Bar Review: The Pint Room
Bandra’s newest drinking joint, The Pint Room, pegs itself as a “beer café”. The week-old establishment, the management told us, is just like a Café Coffee Day, except that instead of coffee, they serve beer. Indeed, The Pint Room’s white, red and cane decorated premises is reminiscent of the coffee chain, though we detected a slight hitch in this concept: the legal age for the consumption of beer is 21, while the cheery ambience of CCDs is targeted at the under-21, college crowd. Do adults really want to drink in what looks like a swanked-up college canteen?
We don’t know if owner Pradeep Gidwani, who was formerly the managing director of the Carlsberg group in India, conducted any market surveys before launching a branch of his Delhi-based enterprise in Mumbai, but we have a strong feeling that he and his team visited and read reviews of the similarly-conceptualised Kala Ghoda beer bar Cerveza. They may have observed how the dim lighting gives Cerveza a dingy dive-like ambience, because The Pint Room, in contrast, is perhaps the mostly brightly-lit bar in the city. The café concept is reflected in the all-day operating hours—the doors open at noon on weekends, at 1pm on weekdays—and in the relatively early closing time of 11.30pm, a decision prompted perhaps by the recent crackdown on our city’s nightlife.
Whether bar or cafe, at the very least The Pint Room does what it says on the can. They aim to offer every beer available in Mumbai and currently, there are nearly 30 brands to choose from: one Trappist beer (the lovely but sadly unaffordable Chimay, priced at Rs1,300 and Rs1,400 per bottle for the Red and Triple respectively); one wheat beer (Hoegaarden); two stouts (Murphy’s Irish and the Portuguese Super Bock); two ales (Duvel and Fuller’s London Pride); one fruit beer (Liefmans); and a whopping 20 lagers classified according to those from Europe, the US and Asia (Lagerbay, you might want to take notes). While there’s no Saison Dupont (which you get at their flagship Delhi outpost) or Guinness (which even Cerveza and Woodside Inn have stopped receiving), they plan to add more beers to the menu soon, including Erdinger and Leffe.
With the focus firmly on the beer, the food and the music—like at a coffee chain—play second fiddle. The jalapeno poppers, for instance, had so much cheese that they overpowered the flavour of the pepper within. Get the non-veg crostini platter if you’re looking for something light: the mustard tuna spread was creamy and tangy, and the Puttanesca sausage topping was suitably spicy, even if the lamb pesto tasted like home-made kheema. If you’re planning to make a meal out of your visit to The Pint Room, order the non-veg kebab platter that—unlike the rest of the food which is prepared in their in-house kitchen—is catered from The Great Punjab, the North Indian restaurant next door. The soft chicken, mutton, and fish tikkas were filling enough to suffice as dinner for two.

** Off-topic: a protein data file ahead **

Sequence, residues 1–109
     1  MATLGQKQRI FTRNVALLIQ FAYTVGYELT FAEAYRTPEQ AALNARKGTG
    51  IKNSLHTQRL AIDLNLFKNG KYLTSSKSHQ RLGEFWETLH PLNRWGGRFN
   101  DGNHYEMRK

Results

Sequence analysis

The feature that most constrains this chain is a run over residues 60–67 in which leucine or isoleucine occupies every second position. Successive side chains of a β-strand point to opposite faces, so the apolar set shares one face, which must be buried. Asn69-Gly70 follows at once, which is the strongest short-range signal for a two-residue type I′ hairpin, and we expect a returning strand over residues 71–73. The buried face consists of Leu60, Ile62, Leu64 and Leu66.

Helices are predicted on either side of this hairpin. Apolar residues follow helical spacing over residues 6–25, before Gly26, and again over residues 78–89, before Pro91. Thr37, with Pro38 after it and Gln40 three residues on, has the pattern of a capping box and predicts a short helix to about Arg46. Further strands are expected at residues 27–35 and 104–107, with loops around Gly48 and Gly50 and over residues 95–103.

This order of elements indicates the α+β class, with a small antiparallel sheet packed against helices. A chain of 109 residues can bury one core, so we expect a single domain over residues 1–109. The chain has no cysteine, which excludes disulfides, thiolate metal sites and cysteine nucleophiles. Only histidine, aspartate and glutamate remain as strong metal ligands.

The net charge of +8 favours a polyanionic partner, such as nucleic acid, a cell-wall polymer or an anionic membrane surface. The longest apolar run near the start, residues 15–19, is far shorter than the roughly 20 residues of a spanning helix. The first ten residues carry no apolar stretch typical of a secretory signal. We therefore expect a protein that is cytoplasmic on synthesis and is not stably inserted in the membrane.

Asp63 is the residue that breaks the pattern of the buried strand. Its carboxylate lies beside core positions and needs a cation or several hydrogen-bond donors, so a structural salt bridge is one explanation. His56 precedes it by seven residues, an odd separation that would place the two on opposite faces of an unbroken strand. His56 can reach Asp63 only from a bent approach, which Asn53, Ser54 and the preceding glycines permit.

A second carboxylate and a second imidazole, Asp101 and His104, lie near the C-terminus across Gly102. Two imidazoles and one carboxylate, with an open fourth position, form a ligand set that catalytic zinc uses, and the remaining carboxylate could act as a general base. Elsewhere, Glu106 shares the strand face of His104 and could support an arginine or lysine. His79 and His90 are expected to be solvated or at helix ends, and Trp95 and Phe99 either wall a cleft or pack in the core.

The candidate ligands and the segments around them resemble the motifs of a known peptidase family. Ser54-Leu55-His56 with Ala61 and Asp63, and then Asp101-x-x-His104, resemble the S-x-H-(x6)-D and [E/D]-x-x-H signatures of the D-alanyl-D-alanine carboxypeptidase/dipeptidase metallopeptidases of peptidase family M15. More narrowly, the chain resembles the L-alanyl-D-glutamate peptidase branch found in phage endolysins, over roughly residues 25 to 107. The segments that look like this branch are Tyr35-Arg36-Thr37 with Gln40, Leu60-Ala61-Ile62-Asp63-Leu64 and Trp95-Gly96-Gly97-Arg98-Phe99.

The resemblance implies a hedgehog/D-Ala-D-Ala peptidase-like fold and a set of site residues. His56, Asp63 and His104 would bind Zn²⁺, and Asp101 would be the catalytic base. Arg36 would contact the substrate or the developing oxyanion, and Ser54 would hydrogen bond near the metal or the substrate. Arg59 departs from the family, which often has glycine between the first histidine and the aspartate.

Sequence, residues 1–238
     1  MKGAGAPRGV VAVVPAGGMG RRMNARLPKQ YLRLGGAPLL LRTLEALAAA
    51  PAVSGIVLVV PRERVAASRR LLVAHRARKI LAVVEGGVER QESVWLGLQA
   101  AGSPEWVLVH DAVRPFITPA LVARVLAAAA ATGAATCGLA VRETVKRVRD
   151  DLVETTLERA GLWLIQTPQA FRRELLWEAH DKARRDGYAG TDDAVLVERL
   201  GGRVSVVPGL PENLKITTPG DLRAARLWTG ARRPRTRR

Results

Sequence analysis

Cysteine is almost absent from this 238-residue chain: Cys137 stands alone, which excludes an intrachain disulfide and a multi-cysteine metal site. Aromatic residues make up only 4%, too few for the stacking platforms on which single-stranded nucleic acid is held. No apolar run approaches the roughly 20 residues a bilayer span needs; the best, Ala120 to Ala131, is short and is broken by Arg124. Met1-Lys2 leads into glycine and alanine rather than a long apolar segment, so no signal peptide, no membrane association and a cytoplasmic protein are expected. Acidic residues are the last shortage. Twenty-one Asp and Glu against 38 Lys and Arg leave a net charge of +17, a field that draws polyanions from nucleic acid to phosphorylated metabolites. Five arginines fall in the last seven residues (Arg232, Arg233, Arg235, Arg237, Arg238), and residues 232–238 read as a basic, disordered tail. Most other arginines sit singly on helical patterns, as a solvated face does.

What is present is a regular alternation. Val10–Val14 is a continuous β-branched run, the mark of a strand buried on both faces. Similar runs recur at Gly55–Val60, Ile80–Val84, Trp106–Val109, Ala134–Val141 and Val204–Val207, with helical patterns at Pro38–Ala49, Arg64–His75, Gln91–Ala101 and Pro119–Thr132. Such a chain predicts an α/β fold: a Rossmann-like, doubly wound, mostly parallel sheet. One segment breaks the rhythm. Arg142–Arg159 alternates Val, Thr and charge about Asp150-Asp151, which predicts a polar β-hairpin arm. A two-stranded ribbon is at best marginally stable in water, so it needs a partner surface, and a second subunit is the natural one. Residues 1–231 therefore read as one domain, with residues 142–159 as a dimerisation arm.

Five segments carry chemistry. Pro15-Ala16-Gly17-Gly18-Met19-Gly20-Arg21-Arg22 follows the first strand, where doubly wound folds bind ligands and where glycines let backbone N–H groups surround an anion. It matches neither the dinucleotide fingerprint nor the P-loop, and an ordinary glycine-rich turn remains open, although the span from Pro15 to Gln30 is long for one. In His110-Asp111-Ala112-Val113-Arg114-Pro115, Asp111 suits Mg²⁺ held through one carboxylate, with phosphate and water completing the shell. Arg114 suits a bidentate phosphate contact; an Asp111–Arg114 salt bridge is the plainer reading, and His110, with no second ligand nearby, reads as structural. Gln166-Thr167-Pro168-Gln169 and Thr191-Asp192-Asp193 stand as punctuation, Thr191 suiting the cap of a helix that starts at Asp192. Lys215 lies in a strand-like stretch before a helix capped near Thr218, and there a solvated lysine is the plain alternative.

As for the music, we could barely hear it until the crowd thinned out, after which we realised that we were listening to a mix of blues tunes by BB King and Etta James that played thrice in a loop during our visit. We didn’t mind too much because we were there for the beer, which came in well-chilled glasses. Our glass of Hoegaarden, which they serve through ice taps along with Kingfisher and Stella Artois, was particularly refreshing. But the best thing that The Pint Room has going for it, for now at least, is its staff who were among the most attentive (and chatty) we’ve come across in a while. They were observant and efficient without being overbearing. From what we gather, they’ve already helped make The Pint Room a pre-dinner hangout where people come for a couple of drinks before heading elsewhere.
This review was conducted anonymously. Prices start at Rs175 for a pint of Kingfisher and at Rs250 for a pint of Heineken. Most foreign beers are priced at Rs450 per pint.Tags: bars, Nightlife, Pradeep Gidwani, The Pint Room
The Pint Room
LocationThe Great Punjab
Next to Shoppers Stop
Phone022 6525 0009
HoursMonday to Friday, from 1pm to 11.30pm; Saturday and Sunday, from noon to 11.30pm